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Local Forget-Me-Not collections help area disabled veterans

The Forget Me Not is a cluster of tiny simple flowers that return each spring from the same roots. These soft blue flowers with yellow centers first became associated with the sacrifices of the fallen in World War I, then the fallen and disabled soldiers of all other battles. This pristine little flower grew into the symbol we use for Memorial Day and disabled vets, because of the difficult image burdening the memories of WWI soldiers who had seen them grow on the graves of comrades and allies killed in the fighting. It then became custom to honor the fallen by assisting the soldiers who came home bearing the scars of war through the first Forget Me Not drive for disabled vets on February 24, 1926. Our local Disabled American Veterans chapter carries on this tradition each year.

“There are 5200 veterans in Bonner County. Our goal is to help as many as we, the DAV, can,” Ross Jackman, Commander of the local DAV Chapter #15 here in Sandpoint, said in an interview.

By July 31, 1929, Argonne Day, (September 26) and Armistice Day (November 11) were officially designated Forget-Me-Not days. Argonne Day commemorates the last big decisive “push” of WWI in the Meuse-Argonne Forest. It was there the allies fought and won the great battle on September 26, 1918.

Like our DAV roots, we return each spring to the streets with these little blue flowers hoping for the custom of honoring the fallen by assisting those that survived.  

“We have the local radio station,  mayors, veterans, volunteers and editors of local newspapers and journals from all over Bonner County assisting with the forget-me-not drive,” Jackman said.

The DAV’s annual “Forget-Me-Not” sale says to everyone throughout the year, “Remember Me.” When we pass the flowers to eager hands on the street we’re saying, “Remember and forget me not. I am a Disabled American Veteran.”

The official number of U.S. soldiers killed in Iraq is 4,080 and in Afghanistan is 671. Officially, 31,193 more U.S. soldiers have been wounded, and hundreds of thousands of Iraqis have lost their lives.

An important medical concern for our U.S. service members of the both wars, and more so than the history of any other conflict, is the potential long-term effect of traumatic brain injury, or concussion, particularly from blast explosions. Over 320,000 U.S. soldiers returning home from both wars have received brain injuries, according to a 2008 study by the RAND Corporation. TBI occurring among soldiers deployed in Iraq is strongly associated with Post-Traumatic Stress Disorder and physical health problems three to four months after the soldiers return home, according to a recent Massachusetts Medical Society study. PTSD and depression are important mediators of the relationship between TBI and physical health problems, the society reports.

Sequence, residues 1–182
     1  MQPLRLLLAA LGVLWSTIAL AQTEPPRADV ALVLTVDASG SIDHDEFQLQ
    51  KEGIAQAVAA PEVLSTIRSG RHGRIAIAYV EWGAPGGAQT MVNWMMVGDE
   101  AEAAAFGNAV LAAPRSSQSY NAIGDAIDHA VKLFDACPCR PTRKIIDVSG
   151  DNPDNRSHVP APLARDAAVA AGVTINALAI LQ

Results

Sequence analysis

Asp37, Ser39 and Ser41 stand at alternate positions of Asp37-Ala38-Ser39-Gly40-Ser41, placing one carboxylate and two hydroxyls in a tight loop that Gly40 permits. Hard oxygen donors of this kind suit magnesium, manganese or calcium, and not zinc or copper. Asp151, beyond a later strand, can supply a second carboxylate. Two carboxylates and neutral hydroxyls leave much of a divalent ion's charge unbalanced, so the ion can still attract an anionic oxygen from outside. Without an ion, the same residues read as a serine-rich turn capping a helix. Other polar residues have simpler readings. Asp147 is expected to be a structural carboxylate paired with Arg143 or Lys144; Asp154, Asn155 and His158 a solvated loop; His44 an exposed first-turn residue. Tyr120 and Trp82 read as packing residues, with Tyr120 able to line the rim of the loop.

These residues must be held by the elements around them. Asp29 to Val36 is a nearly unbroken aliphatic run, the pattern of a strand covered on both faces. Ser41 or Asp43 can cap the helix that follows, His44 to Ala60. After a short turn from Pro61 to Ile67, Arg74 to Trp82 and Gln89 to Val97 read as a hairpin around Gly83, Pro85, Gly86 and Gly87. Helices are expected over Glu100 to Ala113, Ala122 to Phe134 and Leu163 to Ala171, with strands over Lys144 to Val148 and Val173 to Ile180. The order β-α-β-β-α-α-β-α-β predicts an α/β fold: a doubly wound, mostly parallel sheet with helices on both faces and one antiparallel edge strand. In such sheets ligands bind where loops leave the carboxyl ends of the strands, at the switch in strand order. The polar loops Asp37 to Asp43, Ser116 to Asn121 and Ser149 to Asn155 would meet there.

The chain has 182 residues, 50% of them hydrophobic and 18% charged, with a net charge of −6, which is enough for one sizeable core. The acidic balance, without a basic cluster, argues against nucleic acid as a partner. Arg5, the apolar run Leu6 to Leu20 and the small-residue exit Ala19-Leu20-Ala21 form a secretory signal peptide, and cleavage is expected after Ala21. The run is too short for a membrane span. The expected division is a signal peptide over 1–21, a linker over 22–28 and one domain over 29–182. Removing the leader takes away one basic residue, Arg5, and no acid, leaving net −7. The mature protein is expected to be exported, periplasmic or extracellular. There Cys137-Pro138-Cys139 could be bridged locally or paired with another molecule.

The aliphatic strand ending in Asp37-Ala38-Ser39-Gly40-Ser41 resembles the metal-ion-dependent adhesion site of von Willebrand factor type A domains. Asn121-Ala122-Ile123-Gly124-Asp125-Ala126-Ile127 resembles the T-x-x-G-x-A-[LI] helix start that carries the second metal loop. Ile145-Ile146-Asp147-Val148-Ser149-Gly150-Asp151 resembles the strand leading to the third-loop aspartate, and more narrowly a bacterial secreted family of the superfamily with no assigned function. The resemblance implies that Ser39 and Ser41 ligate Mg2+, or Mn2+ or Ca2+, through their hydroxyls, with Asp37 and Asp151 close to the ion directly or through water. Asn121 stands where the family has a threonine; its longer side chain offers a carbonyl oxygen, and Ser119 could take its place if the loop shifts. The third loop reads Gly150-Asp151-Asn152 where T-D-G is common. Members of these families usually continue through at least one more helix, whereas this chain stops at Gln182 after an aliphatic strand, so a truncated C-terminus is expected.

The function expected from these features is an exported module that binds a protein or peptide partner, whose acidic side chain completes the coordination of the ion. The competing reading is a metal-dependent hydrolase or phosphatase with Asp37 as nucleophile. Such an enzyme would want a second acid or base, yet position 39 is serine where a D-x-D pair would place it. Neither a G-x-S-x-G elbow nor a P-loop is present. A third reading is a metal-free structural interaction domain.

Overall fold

The war has cost U.S taxpayers more than $500 billion. Joseph E. Stiglitz, the Nobel Prize-winning Columbia University economist, estimates the total cost of the war will ultimately exceed $3 trillion.

May 25, 2009, our local DAV Chapter will hold their annual Forget-Me-Not drive at Wal-Mart in Ponderay, and at Yoke’s Fresh Foods next to the Bonner Mall. Please support our local disabled veterans by accepting and wearing a little blue flower, and putting money into the donation can. Volunteers will be out from 8 am to 6 pm.

“The DAV Van will be on display,” Jackman said, which is what the push for funds is about. The monies raised will go towards buying a new DAV van as this one ages to transport local veterans to and from their medical appointments.

Thanks to Sandpoint Mayor Hellar for helping out that day, as well as KPND’s Jonny Knight, and K102’s Derik Walker and Jeff McClean. Also in May, the Vietnam Veterans of America Chapter #890 will hold their annual spring clean-up at Milepost #24 outside of Dover on Saturday, May 9 at 9 am with a wood-cutting party afterwards. For information, call Howard Bigelow, VVA President, at 263-9626. The VVA will also host in either late summer or early fall an art exhibition with internationally acclaimed artists with the funds also going towards the purchase of a new van. More information on this to come in later issues.

I’d like to extend a special thanks to Jody Forest and the VVA and DAV for passing the privilege of this column’s torch on to me. It is, as always, an honor to serve my country.

Kriss Perras Running Waters is a Disabled American Veteran-U.S. Navy

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Kriss Perras Running Waters Kriss Perras Running Waters is an American female screenwriter, film director and publisher. She is a former Ocean Systems Technician Maintainer for the US Navy, and was the publisher of both PCH Press and the Malibu Arts Journal.

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